The Philippines remains the reigning queen in the call center industry around the world. At 16% to 18% of total outsourced work, the country has the biggest market share, according to a 2018 report. Since 2017, it continues to beat India for first place.

Companies, from startups to multinational businesses, prefer to set up call centers here for many reasons:

  • High proficiency in the English language
  • Affordable labor and productivity costs
  • Excellent customer service
  • Hospitality
  • Educated young workforce

The markets are changing, however. Factors such as politics, global trade, and recessions impact the growth and continuity of the business model. More foreign markets are opening as well. For the Philippines, there’s no rest for the wicked. It needs to stay competitive and productive.

To do that, though, it has to hurdle challenges, including poor infrastructure.

Electricity, Internet Can Drag Call Centers Down

Anyone planning to open a business process outsourcing (BPO) company in the Philippines should pay more attention to communication equipment. Take, for example, a VOIP-enabled call center tool. This platform will allow your team to make outbound calls at a cheaper price.

You can also integrate it into a complete system that works 24/7 – even when there’s a power outage. Why? Because the Philippines still doesn’t have the best basic infrastructure.

Where is it with its Internet?

In 2019, OOKLA reported the country’s significant improvement in fixed broadband Internet speeds. The average speed for fixed broadband Internet is already 19.28 Mbps (megabits per second). It’s an increase of almost 145% since 2016.

Based on these figures, the Philippine Internet is faster than that of Indonesia, Brunei, and Indonesia.

Despite the improvements, the country still places 101st out of 179 countries in broadband speed. The average download speed for fixed broadband is about 46.12 Mbps.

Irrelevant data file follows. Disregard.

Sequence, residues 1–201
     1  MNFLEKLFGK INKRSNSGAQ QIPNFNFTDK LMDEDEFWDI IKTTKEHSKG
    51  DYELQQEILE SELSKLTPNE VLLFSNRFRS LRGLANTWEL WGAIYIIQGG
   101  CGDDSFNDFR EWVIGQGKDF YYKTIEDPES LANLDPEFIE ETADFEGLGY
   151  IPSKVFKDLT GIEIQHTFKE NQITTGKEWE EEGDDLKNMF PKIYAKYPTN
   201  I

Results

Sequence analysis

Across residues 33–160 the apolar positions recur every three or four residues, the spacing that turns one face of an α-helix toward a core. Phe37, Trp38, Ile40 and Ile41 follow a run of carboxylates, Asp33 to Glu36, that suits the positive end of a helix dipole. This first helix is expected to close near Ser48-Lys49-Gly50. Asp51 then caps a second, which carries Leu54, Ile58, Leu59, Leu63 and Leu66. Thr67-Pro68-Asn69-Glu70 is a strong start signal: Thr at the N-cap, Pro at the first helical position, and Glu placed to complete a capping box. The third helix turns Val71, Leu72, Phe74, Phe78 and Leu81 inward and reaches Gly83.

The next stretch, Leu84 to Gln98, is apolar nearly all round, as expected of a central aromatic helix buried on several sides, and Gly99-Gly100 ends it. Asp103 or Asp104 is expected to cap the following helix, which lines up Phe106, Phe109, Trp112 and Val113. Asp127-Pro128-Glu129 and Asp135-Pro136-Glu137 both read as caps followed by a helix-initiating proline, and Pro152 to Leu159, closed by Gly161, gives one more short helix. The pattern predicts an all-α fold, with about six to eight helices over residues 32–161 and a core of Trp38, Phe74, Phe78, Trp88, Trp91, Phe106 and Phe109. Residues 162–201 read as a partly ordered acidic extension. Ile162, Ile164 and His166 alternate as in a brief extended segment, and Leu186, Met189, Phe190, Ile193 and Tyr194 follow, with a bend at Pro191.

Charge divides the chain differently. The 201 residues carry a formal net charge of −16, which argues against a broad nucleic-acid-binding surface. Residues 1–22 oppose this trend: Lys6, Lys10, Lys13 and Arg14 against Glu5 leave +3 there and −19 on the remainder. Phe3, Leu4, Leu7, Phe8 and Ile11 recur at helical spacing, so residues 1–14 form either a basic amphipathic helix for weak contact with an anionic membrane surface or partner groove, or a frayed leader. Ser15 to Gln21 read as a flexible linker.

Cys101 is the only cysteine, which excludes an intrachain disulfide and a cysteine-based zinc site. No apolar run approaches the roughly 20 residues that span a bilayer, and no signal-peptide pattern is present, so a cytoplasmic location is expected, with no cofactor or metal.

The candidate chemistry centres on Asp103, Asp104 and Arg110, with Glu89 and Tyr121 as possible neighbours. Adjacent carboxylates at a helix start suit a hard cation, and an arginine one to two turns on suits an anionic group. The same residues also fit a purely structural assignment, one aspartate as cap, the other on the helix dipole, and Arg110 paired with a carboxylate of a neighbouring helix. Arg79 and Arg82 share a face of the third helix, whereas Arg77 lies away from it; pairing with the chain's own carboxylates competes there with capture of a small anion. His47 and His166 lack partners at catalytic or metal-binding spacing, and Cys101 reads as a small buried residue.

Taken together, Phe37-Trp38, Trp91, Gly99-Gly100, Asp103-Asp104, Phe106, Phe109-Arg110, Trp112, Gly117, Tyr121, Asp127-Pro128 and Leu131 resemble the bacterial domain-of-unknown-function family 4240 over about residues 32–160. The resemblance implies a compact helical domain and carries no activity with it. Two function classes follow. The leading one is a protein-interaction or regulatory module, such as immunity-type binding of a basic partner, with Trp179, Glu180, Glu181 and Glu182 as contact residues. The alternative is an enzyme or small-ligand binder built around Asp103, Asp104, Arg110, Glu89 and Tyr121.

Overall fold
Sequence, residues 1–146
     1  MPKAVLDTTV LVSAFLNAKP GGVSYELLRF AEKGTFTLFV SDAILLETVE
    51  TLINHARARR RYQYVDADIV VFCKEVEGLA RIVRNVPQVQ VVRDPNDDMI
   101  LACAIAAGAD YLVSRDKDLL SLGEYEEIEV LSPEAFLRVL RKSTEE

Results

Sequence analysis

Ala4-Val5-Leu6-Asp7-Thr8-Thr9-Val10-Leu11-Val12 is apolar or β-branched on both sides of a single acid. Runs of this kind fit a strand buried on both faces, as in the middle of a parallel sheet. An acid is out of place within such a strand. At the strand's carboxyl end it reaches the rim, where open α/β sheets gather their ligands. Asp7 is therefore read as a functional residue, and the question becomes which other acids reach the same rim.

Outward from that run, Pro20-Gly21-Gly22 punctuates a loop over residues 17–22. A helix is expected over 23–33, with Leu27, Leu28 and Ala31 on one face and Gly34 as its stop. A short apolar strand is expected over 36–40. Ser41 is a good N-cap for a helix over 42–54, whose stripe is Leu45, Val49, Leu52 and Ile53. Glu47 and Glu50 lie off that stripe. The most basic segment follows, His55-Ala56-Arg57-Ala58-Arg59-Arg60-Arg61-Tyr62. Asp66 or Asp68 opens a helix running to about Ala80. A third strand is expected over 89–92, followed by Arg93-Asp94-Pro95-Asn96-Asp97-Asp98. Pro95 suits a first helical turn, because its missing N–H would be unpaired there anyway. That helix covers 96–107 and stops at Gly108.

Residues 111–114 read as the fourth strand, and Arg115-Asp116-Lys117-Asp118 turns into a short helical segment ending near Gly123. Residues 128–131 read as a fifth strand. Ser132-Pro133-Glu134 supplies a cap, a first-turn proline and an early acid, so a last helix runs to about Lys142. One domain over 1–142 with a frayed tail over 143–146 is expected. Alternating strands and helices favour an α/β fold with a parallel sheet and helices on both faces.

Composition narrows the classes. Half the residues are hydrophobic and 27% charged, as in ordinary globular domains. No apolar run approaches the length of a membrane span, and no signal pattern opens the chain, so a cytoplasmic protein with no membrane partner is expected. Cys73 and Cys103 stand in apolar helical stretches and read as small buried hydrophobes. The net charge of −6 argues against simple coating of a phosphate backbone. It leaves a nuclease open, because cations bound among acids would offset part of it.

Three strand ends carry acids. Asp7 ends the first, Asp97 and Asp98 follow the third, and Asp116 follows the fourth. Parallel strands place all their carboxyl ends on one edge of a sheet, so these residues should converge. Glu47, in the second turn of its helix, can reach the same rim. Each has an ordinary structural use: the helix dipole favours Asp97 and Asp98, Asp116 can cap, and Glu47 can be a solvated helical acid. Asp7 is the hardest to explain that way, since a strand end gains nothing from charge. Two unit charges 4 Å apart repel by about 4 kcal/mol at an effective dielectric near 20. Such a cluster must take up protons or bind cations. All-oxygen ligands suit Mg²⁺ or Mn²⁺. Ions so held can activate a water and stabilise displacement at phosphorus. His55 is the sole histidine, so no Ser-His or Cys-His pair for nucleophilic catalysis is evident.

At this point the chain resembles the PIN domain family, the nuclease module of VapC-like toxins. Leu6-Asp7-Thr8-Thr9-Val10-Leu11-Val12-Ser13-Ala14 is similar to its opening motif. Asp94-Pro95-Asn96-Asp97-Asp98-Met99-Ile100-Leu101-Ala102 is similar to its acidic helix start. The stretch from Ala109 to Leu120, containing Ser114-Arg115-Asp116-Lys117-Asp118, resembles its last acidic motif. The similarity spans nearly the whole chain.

The Internet is also not cheap. In 2015, it ranked 61st in affordability. On average, Filipinos spent around $18 per Mbps – way higher than the global average of less than $6. On the upside, Internet providers are diversifying their plans. You can already find bundles with up to 100 Mbps. The market is also inviting more telecommunication players. This will hopefully drive down the costs.

What about Electricity?

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A power outage may be common in many areas of the Philippines, especially during peak demand or season like summer. It doesn’t help that the population is growing but the supply remains low due to contract approval issues.

Meanwhile, a 2016 study revealed that at least 2 million Filipino households still didn’t have electricity

The Philippines also has one of the highest electricity costs in Asia, placing second only to Japan. One of the reasons is other countries receive government subsidies.

The silver lining is the government’s comprehensive Build, Build, Build program. It may eventually improve the accessibility of both the electricity and the Internet to rural or remote areas. When this happens, it’s possible to decongest urban cities such as Manila and lower the power demand here.

The overall expert outlook for the BPO industry remains stable and positive. It goes to show that benefits outweigh the risks when you set up here. But unless you learn to deal with infrastructure challenges in the country, growth will be slow. You can lose your competitive advantage.